Seizing upon this language, the Company urges that in the instant case, the Union had alternative sources for the information it sought and therefore did not really require independent time studies. But, there was ample evidence before the trial examiner and the Board to justify the rejection of this contention out of hand. Mead testified in detail as to the absolute need for a "live" time study stating that without it the Union could not make an informed judgment on the Company's proposed rates. The testimony of Mead and Bertram Gottlieb, Staff Industrial Engineer of the AFLCIO, also gave the trial examiner a full view of how time studies were generally made: Piece work prices were established by a ratesetter (usually an industrial engineer) on the basis of a combination of subjective and objective factors. Preliminarily, the ratesetter examined the place where the work was performed and noted environmental factors such as heat, light and other conditions which might have a bearing on productivity. He then reduced the particular job under study into its component parts, designated "cyclic" and "non-cyclic" elements. Cyclic elements were those performed in the production of every unit; non-cyclic elements comprised factors such as going to the lavatory, consulting with the foreman or getting stock from a storage area. Next, the ratesetter observed several operators performing their jobs and made a record of the "actual performance of the job in terms of the motion pattern used." If the ratesetter believed that a particular employee under examination was above or below average pace, he would "normalize" the performance by adjusting the actual timing of the job upward or downward. He then added an allowance, based upon his personal observation and judgment, for "personal fatigue and delay," and other elements of the job.

11

Mead testified, as we have indicated, that he could not assess the accuracy of the Company's studies without making his own investigations. As illustrative, he noted that with respect to one of the piece rates which was the subject of a grievance the Company had employed a normalizing factor of 90%. But, without conducting his own study, Mead had no way of determining whether this adjustment was appropriate. The record is replete with numerous similar examples. Based upon all the testimony with respect to the need for "live" studies, we believe that unlike Otis, there was substantial evidence in this record to support the Board's finding that Union-conducted "live" studies provided the only means for full assessment and verification of the Company's proposed rates.

III.

12

The Company argues, in the alternative, that section 8(a) (5) does not encompass refusals to admit Union representatives to plant facilities for the purpose of conducting "live" studies. The Company points out that it has already turned over to the Union all of its time study data and suggests that by so doing it has fulfilled its obligation to bargain in good faith. This contention presents the most troublesome issue for our decision. An employer's duty to provide relevant information to union representatives so that they can effectively bargain on behalf of their members has been established beyond question. See N. L. R. B. v. Truitt Mfg. Co., 351 U.S. 149, 76 S.Ct. 753, 100 L.Ed. 1027 (1956); N. L. R. B. v. Whitin Mach. Works, 217 F.2d 593 (4th Cir. 1954), cert. denied, 349 U.S. 905, 75 S.Ct. 583, 99 L.Ed. 1242 (1955); N. L. R. B. v. New Britain Mach. Co., 210 F.2d 61 (2d Cir. 1954); N. L. R. B. v. Jacobs Mfg. Co., 196 F.2d 680 (2d Cir. 1952); N. L. R. B. v. Yawman & Erbe Mfg. Co., 187 F.2d 947 (2d Cir. 1951). And, it is true that by turning over its own time study data, the Company believed it had complied with all that was required of it under the Act. The issue confronting us, however, is whether in the circumstances presented here, the Company in fact was required to take that next step and grant permission to the Union to make a live study so that it could reliably evaluate the Company's data. While it is true that the material the Union sought, because of its subjective nature, was not in the Company's filing cabinets, it was nevertheless within the Company's exclusive control, cf., N. L. R. B. v. Item Co., 220 F.2d 956 (5th Cir.), cert. denied, 350 U.S. 836, 76 S.Ct. 73, 100 L.Ed. 746 (1955). Consequently, on the evidence and findings presented in this proceeding, we believe the Board, exercising its expertise and special competence, could properly determine that the Union's need to conduct these tests outweighed the Company's interests in closing its doors to outsiders. Cf. Republic Aviation Corp. v. N. L. R. B., 324 U.S. 793, 65 S.Ct. 982, 89 L.Ed. 1372 (1945). Of course, we are not to be understood as saying that if the Company had established that Union-conducted studies would have severely disrupted production, see Note, 17 Stan.L.Rev. 507 (1965), we would not have a significantly different case; but, we shall defer judgment on such a situation until another day. Here, however, the major inconvenience which the Company asserted was that some of its employees might have been distracted when Union studies were being conducted. But, in the context of this case we find little merit in this contention. The workers were, after all, on a piece rate system and, except for a fixed minimum, were paid on the basis of what they produced. Moreover, a time study to be accurate must be conducted under normal conditions and thus to a certain extent is its own guarantor of minimal interference with production or discipline.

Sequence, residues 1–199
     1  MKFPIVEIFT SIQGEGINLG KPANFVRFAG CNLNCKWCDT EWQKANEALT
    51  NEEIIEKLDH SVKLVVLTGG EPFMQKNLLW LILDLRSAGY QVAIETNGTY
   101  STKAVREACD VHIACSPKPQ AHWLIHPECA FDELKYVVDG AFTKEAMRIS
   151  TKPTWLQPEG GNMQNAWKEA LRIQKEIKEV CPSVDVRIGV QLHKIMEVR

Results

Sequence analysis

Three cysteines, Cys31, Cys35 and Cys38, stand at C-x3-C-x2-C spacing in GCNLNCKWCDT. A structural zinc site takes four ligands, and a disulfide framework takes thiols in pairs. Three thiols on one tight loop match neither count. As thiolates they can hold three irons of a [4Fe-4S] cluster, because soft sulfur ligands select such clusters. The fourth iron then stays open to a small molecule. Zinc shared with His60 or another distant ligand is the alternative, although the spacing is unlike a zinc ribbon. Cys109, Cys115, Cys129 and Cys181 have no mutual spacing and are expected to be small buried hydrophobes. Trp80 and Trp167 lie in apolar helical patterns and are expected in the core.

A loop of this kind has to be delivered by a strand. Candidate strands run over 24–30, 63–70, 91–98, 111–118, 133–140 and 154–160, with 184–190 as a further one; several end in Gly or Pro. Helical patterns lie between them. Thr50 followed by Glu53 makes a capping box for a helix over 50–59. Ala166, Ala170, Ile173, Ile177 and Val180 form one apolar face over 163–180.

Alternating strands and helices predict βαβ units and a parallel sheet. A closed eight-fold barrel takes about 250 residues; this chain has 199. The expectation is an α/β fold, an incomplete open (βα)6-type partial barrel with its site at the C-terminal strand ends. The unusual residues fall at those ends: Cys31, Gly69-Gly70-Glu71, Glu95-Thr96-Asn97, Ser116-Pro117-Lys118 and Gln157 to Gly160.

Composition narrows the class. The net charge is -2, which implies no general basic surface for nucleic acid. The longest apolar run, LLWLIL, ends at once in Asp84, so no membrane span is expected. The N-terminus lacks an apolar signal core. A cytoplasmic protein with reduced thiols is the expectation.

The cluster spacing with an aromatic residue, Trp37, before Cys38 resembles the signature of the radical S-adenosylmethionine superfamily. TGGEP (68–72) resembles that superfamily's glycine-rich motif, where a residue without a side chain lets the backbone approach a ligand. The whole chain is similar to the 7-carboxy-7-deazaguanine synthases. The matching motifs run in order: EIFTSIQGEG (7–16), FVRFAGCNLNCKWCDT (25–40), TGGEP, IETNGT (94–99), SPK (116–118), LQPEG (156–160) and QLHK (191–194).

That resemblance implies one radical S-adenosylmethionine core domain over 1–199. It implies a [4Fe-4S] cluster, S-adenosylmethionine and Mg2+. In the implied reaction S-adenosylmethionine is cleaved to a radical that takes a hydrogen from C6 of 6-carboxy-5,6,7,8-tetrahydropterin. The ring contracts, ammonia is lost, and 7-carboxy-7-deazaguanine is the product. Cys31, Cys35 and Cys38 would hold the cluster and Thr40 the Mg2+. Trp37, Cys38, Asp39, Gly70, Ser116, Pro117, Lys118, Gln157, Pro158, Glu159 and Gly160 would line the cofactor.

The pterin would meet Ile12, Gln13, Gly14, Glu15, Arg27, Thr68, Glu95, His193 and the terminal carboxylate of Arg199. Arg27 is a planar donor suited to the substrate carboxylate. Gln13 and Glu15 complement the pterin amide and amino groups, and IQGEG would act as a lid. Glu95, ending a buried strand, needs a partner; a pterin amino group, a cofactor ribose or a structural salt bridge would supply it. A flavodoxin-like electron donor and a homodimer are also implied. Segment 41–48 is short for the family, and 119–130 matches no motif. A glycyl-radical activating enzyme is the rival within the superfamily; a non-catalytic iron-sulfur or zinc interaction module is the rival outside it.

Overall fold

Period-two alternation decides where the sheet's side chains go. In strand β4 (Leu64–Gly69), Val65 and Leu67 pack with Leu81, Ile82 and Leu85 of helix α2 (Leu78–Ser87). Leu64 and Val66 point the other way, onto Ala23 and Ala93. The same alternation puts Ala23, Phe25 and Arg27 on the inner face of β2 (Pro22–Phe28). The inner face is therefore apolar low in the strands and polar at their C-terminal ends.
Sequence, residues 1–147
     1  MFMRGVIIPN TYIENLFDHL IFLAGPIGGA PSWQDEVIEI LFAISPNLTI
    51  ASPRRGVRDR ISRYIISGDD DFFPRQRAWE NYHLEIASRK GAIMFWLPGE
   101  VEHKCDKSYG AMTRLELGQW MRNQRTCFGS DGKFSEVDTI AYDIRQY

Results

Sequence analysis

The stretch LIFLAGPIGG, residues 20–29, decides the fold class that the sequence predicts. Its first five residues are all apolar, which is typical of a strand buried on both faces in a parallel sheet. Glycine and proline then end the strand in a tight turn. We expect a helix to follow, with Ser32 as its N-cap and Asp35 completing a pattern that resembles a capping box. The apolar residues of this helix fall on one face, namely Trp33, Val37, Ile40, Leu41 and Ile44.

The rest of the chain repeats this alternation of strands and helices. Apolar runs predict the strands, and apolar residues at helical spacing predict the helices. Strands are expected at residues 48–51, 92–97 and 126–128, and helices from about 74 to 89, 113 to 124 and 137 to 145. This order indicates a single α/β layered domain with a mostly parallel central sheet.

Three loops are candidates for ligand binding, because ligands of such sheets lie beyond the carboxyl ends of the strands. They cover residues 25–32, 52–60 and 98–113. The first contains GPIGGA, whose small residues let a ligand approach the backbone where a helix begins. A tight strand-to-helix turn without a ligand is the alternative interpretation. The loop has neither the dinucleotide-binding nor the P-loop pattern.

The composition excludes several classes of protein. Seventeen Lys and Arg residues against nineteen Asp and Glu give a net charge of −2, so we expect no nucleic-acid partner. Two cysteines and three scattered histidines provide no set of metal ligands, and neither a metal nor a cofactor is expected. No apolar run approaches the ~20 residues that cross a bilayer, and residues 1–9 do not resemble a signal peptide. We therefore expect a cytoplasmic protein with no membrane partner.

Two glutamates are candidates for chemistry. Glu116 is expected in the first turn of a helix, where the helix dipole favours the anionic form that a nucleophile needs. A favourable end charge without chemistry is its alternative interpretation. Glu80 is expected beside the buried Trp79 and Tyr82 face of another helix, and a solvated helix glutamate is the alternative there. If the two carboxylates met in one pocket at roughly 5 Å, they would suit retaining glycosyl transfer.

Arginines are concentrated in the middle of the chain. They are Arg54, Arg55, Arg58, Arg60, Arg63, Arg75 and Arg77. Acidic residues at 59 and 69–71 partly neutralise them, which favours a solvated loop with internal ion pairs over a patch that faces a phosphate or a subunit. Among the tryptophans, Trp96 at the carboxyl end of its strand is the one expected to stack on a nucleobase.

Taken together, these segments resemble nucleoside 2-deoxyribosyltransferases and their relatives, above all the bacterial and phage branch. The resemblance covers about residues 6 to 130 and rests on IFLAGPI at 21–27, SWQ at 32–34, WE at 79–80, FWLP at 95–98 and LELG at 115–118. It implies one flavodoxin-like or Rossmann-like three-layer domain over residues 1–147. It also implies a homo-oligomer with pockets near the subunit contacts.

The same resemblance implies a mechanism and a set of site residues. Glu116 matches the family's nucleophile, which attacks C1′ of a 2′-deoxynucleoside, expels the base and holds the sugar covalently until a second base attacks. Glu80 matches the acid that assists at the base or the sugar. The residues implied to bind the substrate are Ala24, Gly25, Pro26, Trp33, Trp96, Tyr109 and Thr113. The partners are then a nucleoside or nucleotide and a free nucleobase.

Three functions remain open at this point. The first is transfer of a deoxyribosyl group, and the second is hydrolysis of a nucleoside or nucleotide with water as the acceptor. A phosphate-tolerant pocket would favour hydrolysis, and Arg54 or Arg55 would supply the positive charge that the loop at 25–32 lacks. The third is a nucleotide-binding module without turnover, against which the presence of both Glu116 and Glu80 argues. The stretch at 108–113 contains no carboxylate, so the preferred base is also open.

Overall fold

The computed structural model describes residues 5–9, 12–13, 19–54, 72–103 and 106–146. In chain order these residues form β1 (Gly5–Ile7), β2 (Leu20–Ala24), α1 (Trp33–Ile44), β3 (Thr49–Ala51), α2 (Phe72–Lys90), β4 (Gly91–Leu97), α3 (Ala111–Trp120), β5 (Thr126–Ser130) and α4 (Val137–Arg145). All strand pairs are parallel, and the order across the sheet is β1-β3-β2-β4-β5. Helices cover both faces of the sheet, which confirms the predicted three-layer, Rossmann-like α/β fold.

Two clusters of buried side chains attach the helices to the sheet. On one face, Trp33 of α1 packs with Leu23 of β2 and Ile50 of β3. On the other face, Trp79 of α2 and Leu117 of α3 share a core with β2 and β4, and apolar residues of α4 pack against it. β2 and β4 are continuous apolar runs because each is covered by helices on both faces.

13